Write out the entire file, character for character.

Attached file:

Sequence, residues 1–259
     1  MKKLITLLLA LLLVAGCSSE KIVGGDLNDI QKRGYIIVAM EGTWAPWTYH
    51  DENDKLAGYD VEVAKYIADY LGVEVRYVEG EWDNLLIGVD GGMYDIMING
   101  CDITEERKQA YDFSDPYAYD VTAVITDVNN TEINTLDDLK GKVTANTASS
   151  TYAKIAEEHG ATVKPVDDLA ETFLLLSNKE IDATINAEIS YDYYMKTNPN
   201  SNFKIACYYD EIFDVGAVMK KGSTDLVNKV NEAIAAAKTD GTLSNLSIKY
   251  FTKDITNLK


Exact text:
Sequence, residues 1–259
     1  MKKLITLLLA LLLVAGCSSE KIVGGDLNDI QKRGYIIVAM EGTWAPWTYH
    51  DENDKLAGYD VEVAKYIADY LGVEVRYVEG EWDNLLIGVD GGMYDIMING
   101  CDITEERKQA YDFSDPYAYD VTAVITDVNN TEINTLDDLK GKVTANTASS
   151  TYAKIAEEHG ATVKPVDDLA ETFLLLSNKE IDATINAEIS YDYYMKTNPN
   201  SNFKIACYYD EIFDVGAVMK KGSTDLVNKV NEAIAAAKTD GTLSNLSIKY
   251  FTKDITNLK